The salience of security concerns has dramatically increased across Europe and a growing body of research converges on their acknowledgement as contributing factors to populist success. As the empirical focus of existing research is on the populist right and on negative emotionality, this paper questions to what extent the populism-(in)security nexus is indeed distinctive to the right and predominantly underpinned by fear-based appeals. By adopting a novel typology of insecurity-framing and a qualitative strategy that infers emotions from core relational themes, the paper explores the implicit emotional content of populist insecurity narratives in France, looking at campaign communication from Marine Le Pen and Jean-Luc Mélenchon. The article offers three contributions. First, by mapping which emotions underpin their insecurity narratives, it illustrates how these populist actors perform ‘emotional governance’, addressing the number of ontological insecurities generally linked to populist voting. Second, it shows that not only exclusionary but also inclusionary populists engage with processes of threat framing and do so with overlapping overarching themes. Finally, it proposes a qualitative approach that captures the holistic meaning of emotions via the methodological use of core relational themes, complementing word-based analyses.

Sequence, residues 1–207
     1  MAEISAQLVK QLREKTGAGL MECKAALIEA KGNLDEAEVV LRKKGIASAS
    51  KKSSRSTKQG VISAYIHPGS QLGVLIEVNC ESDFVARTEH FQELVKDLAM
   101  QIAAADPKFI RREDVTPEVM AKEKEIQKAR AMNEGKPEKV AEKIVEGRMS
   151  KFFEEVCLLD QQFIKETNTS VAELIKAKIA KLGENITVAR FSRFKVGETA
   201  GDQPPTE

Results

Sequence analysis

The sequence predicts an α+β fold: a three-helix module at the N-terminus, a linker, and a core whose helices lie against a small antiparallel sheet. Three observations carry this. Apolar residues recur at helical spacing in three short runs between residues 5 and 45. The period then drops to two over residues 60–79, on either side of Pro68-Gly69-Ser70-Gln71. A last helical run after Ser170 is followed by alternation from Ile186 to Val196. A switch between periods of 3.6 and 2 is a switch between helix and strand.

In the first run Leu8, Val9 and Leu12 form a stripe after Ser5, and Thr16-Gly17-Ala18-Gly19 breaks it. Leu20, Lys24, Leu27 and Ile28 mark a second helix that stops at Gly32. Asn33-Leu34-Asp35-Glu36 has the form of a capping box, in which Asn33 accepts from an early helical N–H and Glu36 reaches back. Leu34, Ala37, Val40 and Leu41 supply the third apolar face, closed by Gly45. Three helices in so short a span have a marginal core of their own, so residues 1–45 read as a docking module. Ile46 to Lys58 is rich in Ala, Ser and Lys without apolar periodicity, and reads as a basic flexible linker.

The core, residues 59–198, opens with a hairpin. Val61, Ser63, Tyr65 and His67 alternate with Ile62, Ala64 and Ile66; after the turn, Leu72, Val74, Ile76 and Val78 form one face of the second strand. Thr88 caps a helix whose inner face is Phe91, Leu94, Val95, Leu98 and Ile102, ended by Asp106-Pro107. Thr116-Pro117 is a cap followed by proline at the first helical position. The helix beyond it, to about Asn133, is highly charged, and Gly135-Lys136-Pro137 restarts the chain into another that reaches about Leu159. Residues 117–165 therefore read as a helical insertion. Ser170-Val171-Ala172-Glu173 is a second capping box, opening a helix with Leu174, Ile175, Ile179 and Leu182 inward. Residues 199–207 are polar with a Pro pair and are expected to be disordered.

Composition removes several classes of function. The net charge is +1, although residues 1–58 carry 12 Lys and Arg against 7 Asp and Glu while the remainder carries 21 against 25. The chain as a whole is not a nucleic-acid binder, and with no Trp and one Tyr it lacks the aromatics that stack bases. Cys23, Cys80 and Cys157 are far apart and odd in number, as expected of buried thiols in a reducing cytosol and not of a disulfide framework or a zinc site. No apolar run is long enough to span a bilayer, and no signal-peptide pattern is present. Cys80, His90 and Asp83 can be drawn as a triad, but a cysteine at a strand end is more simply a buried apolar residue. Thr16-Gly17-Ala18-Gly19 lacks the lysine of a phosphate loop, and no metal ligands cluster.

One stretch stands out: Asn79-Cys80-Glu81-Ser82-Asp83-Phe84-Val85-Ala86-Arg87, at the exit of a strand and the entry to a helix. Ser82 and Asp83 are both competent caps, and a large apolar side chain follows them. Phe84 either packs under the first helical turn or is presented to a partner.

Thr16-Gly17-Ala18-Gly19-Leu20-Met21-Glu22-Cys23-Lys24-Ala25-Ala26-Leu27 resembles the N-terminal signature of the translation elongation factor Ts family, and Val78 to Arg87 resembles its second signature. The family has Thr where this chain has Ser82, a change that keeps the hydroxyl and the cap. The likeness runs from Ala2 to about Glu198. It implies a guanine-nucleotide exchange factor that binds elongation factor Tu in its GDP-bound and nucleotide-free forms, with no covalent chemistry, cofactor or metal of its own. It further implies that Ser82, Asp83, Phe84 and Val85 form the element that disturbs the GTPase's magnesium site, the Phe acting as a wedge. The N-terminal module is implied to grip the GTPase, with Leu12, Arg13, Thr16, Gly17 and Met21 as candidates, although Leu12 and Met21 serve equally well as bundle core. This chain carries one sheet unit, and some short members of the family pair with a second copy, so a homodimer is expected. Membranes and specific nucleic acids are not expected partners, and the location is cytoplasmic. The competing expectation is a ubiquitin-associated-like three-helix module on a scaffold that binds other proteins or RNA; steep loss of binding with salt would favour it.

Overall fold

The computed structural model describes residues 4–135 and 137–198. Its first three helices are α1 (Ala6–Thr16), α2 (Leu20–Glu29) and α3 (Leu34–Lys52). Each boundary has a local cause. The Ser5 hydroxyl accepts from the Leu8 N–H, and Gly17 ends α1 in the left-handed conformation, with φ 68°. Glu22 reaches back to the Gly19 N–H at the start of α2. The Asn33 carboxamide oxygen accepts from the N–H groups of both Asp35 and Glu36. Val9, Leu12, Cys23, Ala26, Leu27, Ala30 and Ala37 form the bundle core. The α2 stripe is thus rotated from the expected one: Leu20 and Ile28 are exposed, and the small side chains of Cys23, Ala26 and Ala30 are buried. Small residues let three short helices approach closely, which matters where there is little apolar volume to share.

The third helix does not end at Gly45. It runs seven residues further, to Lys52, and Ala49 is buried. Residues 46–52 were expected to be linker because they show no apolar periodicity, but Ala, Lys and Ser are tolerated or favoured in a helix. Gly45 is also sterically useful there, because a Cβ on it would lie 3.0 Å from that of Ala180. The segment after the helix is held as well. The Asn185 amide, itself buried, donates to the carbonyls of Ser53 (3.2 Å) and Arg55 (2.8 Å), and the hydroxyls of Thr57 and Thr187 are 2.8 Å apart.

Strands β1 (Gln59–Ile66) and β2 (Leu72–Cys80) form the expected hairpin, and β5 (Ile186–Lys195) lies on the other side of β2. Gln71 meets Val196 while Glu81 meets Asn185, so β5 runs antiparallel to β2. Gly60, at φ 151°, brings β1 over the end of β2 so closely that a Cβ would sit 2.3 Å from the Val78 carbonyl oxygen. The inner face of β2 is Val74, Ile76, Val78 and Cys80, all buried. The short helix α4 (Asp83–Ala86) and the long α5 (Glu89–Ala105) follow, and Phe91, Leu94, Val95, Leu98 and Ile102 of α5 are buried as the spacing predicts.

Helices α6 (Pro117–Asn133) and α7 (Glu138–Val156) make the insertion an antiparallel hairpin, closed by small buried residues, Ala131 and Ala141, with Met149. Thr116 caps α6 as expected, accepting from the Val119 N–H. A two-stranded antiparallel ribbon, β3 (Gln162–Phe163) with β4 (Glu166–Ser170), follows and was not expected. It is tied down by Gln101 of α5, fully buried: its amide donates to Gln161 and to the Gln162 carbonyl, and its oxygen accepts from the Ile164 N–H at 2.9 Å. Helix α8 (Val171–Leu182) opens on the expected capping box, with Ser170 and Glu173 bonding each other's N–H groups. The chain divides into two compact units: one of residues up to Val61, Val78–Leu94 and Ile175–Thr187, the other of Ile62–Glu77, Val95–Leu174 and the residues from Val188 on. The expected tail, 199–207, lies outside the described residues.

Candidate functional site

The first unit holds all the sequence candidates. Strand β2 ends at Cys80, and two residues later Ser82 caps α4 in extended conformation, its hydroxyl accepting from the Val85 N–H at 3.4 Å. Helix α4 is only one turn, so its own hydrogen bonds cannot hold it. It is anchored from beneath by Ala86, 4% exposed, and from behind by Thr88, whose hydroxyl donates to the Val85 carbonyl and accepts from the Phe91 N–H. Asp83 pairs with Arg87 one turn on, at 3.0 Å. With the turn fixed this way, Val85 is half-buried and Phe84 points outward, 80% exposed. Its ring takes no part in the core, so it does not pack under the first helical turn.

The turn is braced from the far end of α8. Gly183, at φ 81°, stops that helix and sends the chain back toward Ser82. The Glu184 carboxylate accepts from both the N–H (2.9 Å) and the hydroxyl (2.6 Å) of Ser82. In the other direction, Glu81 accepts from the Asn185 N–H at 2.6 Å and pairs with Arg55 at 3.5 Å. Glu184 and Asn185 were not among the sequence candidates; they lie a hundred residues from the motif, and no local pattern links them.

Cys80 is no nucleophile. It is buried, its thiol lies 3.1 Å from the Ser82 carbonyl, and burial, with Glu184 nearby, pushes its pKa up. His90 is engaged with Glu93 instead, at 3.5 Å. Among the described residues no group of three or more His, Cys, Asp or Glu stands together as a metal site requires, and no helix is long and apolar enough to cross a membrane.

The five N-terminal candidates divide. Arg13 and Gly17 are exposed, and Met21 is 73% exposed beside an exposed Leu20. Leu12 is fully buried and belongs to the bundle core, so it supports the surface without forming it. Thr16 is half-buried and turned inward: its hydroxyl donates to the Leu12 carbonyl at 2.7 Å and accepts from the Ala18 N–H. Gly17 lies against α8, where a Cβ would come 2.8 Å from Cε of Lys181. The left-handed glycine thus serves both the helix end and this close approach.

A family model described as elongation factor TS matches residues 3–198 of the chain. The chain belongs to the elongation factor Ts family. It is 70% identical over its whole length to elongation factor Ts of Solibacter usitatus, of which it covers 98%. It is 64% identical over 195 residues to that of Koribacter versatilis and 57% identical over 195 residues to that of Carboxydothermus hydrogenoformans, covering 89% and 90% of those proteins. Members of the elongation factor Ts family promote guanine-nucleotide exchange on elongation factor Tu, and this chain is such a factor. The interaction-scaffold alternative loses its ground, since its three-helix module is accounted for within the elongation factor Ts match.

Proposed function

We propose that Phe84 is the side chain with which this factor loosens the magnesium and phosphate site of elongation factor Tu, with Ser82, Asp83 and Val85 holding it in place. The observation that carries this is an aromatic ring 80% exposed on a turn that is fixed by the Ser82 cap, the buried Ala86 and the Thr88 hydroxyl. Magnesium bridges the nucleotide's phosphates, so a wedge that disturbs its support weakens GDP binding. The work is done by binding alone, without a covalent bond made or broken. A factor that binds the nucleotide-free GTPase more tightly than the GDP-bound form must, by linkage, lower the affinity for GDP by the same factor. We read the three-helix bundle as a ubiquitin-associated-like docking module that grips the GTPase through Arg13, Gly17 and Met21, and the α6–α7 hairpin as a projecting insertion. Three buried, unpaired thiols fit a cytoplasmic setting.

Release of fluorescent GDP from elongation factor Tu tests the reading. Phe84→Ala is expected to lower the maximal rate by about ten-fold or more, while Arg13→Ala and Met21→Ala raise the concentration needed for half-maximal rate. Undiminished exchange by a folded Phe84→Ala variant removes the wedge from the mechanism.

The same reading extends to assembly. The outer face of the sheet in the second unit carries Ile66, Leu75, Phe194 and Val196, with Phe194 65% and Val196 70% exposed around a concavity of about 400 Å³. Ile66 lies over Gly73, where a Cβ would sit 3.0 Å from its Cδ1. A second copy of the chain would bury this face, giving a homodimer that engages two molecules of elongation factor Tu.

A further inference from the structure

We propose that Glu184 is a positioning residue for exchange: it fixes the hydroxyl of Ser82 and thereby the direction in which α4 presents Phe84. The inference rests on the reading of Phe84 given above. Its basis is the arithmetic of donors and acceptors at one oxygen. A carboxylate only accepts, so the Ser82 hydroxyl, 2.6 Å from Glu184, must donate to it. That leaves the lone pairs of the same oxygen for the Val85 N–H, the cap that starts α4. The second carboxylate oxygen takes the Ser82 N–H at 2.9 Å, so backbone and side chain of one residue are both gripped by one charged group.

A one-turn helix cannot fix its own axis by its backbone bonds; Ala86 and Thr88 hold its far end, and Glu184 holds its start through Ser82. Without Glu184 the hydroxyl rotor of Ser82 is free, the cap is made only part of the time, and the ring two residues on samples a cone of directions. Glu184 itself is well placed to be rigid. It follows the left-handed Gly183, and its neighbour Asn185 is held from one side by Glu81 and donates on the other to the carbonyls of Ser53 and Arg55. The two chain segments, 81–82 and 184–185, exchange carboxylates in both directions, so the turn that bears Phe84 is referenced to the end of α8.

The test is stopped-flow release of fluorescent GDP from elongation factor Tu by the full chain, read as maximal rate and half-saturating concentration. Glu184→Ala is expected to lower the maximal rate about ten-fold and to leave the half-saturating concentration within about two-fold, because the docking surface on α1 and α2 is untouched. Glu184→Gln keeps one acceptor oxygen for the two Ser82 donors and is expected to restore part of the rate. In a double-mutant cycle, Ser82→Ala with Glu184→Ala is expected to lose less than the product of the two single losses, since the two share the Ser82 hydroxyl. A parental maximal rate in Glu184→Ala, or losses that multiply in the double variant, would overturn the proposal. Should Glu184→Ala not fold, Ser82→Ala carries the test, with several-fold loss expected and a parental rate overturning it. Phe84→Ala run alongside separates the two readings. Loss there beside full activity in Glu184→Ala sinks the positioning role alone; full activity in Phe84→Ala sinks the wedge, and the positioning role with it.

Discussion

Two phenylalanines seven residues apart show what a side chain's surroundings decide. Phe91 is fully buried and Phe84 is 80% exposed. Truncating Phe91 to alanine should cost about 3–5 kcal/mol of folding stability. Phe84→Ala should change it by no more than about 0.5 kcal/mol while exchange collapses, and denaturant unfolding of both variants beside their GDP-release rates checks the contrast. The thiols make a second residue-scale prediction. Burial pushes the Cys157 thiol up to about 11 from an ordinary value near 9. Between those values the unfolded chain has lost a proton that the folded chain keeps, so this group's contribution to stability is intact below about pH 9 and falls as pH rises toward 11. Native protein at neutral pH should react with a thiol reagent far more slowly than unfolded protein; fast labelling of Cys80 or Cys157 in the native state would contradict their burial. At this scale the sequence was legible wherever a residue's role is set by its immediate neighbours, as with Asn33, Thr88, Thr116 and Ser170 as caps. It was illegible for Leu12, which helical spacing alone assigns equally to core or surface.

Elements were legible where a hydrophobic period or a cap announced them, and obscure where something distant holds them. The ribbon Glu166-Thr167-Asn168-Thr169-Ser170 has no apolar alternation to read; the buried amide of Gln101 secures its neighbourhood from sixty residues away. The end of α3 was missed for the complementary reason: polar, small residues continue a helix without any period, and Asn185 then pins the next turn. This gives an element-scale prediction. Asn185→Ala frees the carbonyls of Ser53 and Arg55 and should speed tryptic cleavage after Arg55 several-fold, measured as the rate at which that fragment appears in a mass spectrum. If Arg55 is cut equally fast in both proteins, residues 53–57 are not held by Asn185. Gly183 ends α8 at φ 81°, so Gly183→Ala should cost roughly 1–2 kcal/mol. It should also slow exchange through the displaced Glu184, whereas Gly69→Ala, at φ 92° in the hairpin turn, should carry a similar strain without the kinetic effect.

|Journal||Innovation: the European Journal of Social Science Research|
|Early online date||25 Aug 2021|
|Publication status||E-pub ahead of print - 25 Aug 2021|
- Le Pen